This Labor Day, which is Monday, we celebrate America’s working men and women, many of whom are going the extra mile during this COVID-19 pandemic.
But, as a resident of Mississippi, one of 27 Right to Work states, you have something more to celebrate: All of the frontline workers who have been indispensable during the pandemic are protected by your state’s Right to Work law from being forced to fund a union as a condition of keeping their jobs.
As crazy as it might seem, not all American workers have a free choice in deciding whether to support a labor union, even though poll after poll consistently shows that over 80 percent of Americans support Right to Work laws.
While every public sector employee across the country now enjoys Right to Work protections under the First Amendment as a result of the 2018 National Right to Work Legal Defense Foundation-won Janus v. AFSCME Supreme Court decision, private sector workers in the 23 states that have yet to pass a Right to Work law can lose their job for refusing to tender dues or fees to a union.
Right to Work protects each worker’s freedom of choice, but the advantages of Right to Work hardly stop there. Enshrining workplace freedom also brings significant economic benefits to the 27 states that have passed Right to Work laws.
Between 2009 and 2019, Right to Work states saw the total number of people employed grow by 16.9 percent. That’s nearly double the 9.6% gain in non-Right to Work states, according to an analysis of federal government statistics compiled by the National Institute for Labor Relations Research.
The study also found that, after adjusting for the cost of living, the mean after-tax household income in Right to Work states was about $4,300 higher than for households in forced-unionism states in 2018, the most recent year for which household income data is available.
The connection between Right to Work laws and better economic performance is not a surprise. Business experts consistently rank the presence of Right to Work laws as one of the most important factors companies consider when deciding where to expand or relocate their plants and facilities, where they will create new jobs and new opportunities.
Take the manufacturing sector, for example. The NILRR analysis revealed that employment in the manufacturing sector increased by 10 percent in Right to Work states from 2009-19, over three times the 2.9 percent gain forced-unionism states saw over that same period.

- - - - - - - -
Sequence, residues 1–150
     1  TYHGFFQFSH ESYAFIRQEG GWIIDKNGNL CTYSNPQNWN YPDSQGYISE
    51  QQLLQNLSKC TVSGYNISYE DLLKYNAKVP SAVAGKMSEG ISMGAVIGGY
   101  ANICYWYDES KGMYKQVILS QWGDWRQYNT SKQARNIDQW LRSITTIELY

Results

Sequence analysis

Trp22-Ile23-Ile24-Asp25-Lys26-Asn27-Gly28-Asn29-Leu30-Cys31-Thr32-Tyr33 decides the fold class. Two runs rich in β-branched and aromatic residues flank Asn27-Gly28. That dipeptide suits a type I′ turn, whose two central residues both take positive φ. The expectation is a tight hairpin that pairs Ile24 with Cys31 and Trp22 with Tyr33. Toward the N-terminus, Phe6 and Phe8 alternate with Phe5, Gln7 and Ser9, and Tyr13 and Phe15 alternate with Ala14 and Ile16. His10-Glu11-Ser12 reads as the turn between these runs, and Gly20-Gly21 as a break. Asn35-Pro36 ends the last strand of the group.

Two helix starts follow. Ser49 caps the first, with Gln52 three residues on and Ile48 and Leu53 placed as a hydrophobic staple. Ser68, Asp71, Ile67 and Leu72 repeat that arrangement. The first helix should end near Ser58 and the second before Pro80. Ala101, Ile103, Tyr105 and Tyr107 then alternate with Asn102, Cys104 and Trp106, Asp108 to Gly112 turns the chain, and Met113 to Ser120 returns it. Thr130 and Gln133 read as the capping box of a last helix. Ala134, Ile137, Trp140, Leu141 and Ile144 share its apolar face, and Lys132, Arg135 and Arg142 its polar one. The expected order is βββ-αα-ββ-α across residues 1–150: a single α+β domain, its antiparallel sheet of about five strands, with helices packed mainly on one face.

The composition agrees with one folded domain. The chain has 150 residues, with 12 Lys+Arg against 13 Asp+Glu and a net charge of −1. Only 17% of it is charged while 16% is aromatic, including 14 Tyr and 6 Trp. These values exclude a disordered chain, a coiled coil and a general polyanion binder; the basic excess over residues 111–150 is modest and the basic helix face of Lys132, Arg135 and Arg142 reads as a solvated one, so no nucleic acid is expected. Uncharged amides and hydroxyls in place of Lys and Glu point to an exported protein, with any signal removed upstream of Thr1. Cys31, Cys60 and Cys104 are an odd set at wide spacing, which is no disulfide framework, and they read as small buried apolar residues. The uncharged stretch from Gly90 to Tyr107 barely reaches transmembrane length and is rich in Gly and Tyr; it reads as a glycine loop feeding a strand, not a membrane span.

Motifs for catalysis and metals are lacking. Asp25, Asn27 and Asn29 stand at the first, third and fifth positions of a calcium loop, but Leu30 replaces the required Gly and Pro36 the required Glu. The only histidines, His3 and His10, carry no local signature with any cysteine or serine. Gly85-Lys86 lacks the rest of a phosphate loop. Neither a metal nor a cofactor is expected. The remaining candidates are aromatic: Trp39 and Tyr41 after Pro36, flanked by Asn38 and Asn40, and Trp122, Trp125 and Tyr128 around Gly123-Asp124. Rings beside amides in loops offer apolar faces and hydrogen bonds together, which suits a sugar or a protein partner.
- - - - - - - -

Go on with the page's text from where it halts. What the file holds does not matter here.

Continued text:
Right to Work laws clearly make economic sense, but protecting employee freedom has always been their central feature.
No worker should be forced to join or pay money to an organization he or she has no interest in supporting. Right to Work laws do nothing to impede employees from voluntarily joining or paying dues to a union; they simply ensure that no worker can be forced to hand over a portion of their hard-earned paycheck to union officials just to keep a job.
Right to Work laws also encourage union officials to be more flexible, accountable and responsive to workers. When workers cannot be forced to join or pay dues, union officials must work harder to retain employee support. This accountability incentivizes union officials to put workers’ interests first, rather than promoting their own power or pushing a political agenda that is out of step with the rank-and-file.
A labor union that genuinely enjoys employee endorsement can thrive with members’ voluntary support. A union that has alienated the rank-and-file or outlived its usefulness will need to adapt in order to survive.
Churches, civic associations and thousands of other private organizations across the country succeed on voluntary association. Despite the protests of union officials, there is no reason a union – made up of individual workers who freely choose to band together – cannot do the same.
So this Labor Day, celebrate the fact that Mississippi safeguards the free choice of workers and in doing so creates a more prosperous society for all.
Mark Mix is president of the National Right to Work Legal Defense Foundation and National Right to Work Committee